To sidestep this potential refugee obstacle, Erdogan may decide to leverage the Ukraine war. Specifically, he could offer to help Putin establish a “wheat corridor,” enabling grain exports from Russian-occupied Ukrainian ports and other Black Sea locales in exchange for Moscow’s assent to a Syria incursion.
For the Assad regime, any Turkish incursion would represent another blow to its rhetorical aim of restoring control over the entirety of Syria. Even if Putin and Erdogan decide to give Assad a bite of territory in Idlib, any such areas would be inimically hostile to his rule, forcing him to devote precious resources to holding them. An incursion into Tal Rifaat would deny the regime two vital resources: water supplies and a local airfield. It would also knock Iranian-backed militias down a peg and send them southward. Meanwhile, the highly motivated Kurdish militiamen deployed in Tal Rifaat would be pushed eastward, including those elements said to share the Assad regime’s Alawite origins.
Indeed, a Turkish incursion may drive the SDF closer to Damascus, and possibly toward Tehran as well, as part of the perpetual horse trading conducted by the various players that have divided the country into respective spheres of influence. The Assad regime would likely be amenable to this shift because it desperately needs more electrical power and fuel supplies, which can be obtained more easily via increased oil and natural gas transfers from SDF-controlled areas in the east. Energy trading will now be easier following last week’s passage of UN Security Council Resolution 2642 on cross-border aid, which specifically lists electricity as part of permitted early recovery activities.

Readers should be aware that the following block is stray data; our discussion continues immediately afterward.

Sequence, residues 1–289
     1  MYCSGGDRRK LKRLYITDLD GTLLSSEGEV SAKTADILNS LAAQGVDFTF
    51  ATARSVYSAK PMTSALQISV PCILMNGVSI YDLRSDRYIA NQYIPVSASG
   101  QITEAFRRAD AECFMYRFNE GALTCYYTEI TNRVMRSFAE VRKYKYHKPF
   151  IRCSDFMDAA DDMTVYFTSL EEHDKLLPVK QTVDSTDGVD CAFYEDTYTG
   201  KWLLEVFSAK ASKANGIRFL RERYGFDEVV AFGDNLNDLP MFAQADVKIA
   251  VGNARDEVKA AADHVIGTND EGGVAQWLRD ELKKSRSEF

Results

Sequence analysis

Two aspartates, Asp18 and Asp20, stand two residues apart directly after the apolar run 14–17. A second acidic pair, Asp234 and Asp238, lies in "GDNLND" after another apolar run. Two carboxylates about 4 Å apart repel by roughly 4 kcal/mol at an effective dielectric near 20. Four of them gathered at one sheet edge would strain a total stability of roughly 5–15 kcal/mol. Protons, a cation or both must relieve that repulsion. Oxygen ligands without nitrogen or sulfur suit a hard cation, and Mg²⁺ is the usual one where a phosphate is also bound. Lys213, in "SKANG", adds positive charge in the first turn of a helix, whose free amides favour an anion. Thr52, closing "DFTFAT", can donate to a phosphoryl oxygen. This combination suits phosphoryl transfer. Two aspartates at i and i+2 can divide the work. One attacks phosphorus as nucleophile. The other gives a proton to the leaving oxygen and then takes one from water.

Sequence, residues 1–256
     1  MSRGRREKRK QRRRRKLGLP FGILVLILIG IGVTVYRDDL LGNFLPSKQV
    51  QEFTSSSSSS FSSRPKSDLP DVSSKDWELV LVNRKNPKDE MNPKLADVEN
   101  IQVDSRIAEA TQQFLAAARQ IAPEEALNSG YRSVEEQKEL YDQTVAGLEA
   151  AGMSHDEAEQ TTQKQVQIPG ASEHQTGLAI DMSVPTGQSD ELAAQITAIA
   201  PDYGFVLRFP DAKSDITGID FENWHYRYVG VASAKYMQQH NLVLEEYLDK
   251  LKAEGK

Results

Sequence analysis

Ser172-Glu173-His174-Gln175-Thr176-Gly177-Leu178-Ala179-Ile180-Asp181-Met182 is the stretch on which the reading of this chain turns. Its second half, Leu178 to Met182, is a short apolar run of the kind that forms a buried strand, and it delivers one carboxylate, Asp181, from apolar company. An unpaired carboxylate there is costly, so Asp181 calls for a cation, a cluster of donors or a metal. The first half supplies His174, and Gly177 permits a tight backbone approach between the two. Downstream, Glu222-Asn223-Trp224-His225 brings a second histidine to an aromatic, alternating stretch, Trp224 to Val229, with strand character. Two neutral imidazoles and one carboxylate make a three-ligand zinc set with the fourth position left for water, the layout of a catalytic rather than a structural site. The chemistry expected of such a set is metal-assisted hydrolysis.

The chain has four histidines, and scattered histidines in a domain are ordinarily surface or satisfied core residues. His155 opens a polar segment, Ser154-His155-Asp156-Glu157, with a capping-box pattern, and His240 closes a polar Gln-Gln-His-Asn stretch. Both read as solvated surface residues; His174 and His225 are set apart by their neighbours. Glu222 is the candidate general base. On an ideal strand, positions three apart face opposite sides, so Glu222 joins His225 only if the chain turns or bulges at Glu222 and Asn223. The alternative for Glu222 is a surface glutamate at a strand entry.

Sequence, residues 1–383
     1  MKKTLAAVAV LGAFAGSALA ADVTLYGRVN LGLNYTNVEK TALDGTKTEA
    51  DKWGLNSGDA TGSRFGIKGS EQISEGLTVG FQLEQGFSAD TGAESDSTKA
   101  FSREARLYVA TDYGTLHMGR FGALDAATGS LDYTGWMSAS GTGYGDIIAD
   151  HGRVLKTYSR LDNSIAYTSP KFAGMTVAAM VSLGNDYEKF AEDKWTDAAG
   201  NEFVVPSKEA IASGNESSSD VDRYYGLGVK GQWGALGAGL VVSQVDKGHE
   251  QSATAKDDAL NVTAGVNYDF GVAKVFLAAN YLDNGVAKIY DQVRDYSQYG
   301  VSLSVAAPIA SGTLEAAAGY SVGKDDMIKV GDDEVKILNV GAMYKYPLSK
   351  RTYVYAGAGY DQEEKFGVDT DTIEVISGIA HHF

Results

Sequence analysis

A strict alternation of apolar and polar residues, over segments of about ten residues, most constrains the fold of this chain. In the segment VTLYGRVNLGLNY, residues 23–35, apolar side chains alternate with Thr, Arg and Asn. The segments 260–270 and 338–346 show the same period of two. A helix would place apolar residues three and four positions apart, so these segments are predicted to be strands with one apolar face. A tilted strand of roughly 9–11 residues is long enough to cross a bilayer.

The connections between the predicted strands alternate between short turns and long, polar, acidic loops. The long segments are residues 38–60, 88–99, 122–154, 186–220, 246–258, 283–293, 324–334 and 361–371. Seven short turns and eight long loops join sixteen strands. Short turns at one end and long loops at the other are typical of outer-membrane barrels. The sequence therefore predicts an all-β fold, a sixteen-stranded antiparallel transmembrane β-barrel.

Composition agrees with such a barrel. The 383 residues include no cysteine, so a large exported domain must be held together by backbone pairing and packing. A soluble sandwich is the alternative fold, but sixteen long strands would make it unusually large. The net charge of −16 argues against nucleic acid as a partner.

If an incursion is greenlit and winds up falling on Tal Rifaat, it would mean that Turkey is looking to press its advantage as Russia redeploys some forces out of Syria—and to block Iran from benefiting. This would also represent the “least bad” scenario for the United States, since Tal Rifaat has never been part of the U.S. sphere of influence or the many Syrian deconfliction agreements. The worst outcome would be an incursion into Kobane, which would upset the status quo and likely drive the SDF into a disadvantageous settlement with the Assad regime, thereby constraining Washington’s ability to maneuver against Damascus—and potentially IS. In contrast, a limited operation into Tal Rifaat or Manbij would likely elicit a less negative U.S. response.
Turkey’s stance on Sweden and Finland’s NATO accession may shape responses as well. Nordic ties with the YPG became a crisis point in recent decisions regarding NATO’s expansion, so Washington will be keen to avoid a new crisis with Ankara over Kurdish issues. Although the initial impasse has been hurdled, Turkey will still hold veto power over the Swedish and Finnish bids over the next year.
If by chance an incursion is delayed because of Russian or Iranian objections, Washington will have a little more breathing room to work toward its optimal result in the long run. In broad terms, this would entail recognizing Turkey’s concerns in Syria while limiting its displacement of SDF forces so long as the fight against IS continues.